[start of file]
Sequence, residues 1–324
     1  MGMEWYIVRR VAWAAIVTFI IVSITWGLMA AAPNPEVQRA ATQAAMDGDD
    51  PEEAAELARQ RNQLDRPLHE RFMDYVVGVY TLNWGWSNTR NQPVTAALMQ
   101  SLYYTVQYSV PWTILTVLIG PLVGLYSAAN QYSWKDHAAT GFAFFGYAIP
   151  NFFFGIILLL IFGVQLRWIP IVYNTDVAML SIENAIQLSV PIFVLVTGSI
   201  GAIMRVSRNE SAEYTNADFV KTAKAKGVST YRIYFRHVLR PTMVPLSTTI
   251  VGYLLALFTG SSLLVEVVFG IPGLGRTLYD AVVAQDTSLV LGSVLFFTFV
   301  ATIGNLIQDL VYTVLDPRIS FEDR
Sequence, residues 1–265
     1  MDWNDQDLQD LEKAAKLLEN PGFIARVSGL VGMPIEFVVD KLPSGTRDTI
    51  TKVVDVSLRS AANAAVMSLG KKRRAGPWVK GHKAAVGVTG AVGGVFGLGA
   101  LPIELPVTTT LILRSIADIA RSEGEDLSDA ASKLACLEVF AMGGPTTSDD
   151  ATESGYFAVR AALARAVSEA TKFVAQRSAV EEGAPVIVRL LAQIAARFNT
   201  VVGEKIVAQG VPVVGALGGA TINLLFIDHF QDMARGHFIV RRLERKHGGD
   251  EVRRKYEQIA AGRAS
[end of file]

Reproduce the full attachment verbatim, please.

Sequence, residues 1–324
     1  MGMEWYIVRR VAWAAIVTFI IVSITWGLMA AAPNPEVQRA ATQAAMDGDD
    51  PEEAAELARQ RNQLDRPLHE RFMDYVVGVY TLNWGWSNTR NQPVTAALMQ
   101  SLYYTVQYSV PWTILTVLIG PLVGLYSAAN QYSWKDHAAT GFAFFGYAIP
   151  NFFFGIILLL IFGVQLRWIP IVYNTDVAML SIENAIQLSV PIFVLVTGSI
   201  GAIMRVSRNE SAEYTNADFV KTAKAKGVST YRIYFRHVLR PTMVPLSTTI
   251  VGYLLALFTG SSLLVEVVFG IPGLGRTLYD AVVAQDTSLV LGSVLFFTFV
   301  ATIGNLIQDL VYTVLDPRIS FEDR
Sequence, residues 1–265
     1  MDWNDQDLQD LEKAAKLLEN PGFIARVSGL VGMPIEFVVD KLPSGTRDTI
    51  TKVVDVSLRS AANAAVMSLG KKRRAGPWVK GHKAAVGVTG AVGGVFGLGA
   101  LPIELPVTTT LILRSIADIA RSEGEDLSDA ASKLACLEVF AMGGPTTSDD
   151  ATESGYFAVR AALARAVSEA TKFVAQRSAV EEGAPVIVRL LAQIAARFNT
   201  VVGEKIVAQG VPVVGALGGA TINLLFIDHF QDMARGHFIV RRLERKHGGD
   251  EVRRKYEQIA AGRAS